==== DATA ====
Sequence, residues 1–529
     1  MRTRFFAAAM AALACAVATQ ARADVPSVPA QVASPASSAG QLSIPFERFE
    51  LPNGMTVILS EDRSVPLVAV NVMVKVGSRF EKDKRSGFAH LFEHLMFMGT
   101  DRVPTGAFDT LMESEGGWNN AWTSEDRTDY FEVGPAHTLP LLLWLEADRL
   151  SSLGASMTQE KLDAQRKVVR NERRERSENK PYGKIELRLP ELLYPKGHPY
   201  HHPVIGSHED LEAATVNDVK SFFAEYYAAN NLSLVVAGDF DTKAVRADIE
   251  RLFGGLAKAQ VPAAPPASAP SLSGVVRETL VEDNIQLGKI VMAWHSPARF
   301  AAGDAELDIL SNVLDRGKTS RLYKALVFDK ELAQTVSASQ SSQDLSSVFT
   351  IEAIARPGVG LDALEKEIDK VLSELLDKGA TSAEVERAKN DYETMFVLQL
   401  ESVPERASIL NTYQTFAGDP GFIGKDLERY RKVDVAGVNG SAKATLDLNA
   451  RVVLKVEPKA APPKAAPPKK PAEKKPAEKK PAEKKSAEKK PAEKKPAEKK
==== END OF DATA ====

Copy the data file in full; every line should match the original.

Sequence, residues 1–529
     1  MRTRFFAAAM AALACAVATQ ARADVPSVPA QVASPASSAG QLSIPFERFE
    51  LPNGMTVILS EDRSVPLVAV NVMVKVGSRF EKDKRSGFAH LFEHLMFMGT
   101  DRVPTGAFDT LMESEGGWNN AWTSEDRTDY FEVGPAHTLP LLLWLEADRL
   151  SSLGASMTQE KLDAQRKVVR NERRERSENK PYGKIELRLP ELLYPKGHPY
   201  HHPVIGSHED LEAATVNDVK SFFAEYYAAN NLSLVVAGDF DTKAVRADIE
   251  RLFGGLAKAQ VPAAPPASAP SLSGVVRETL VEDNIQLGKI VMAWHSPARF
   301  AAGDAELDIL SNVLDRGKTS RLYKALVFDK ELAQTVSASQ SSQDLSSVFT
   351  IEAIARPGVG LDALEKEIDK VLSELLDKGA TSAEVERAKN DYETMFVLQL
   401  ESVPERASIL NTYQTFAGDP GFIGKDLERY RKVDVAGVNG SAKATLDLNA
   451  RVVLKVEPKA APPKAAPPKK PAEKKPAEKK PAEKKSAEKK PAEKKPAEKK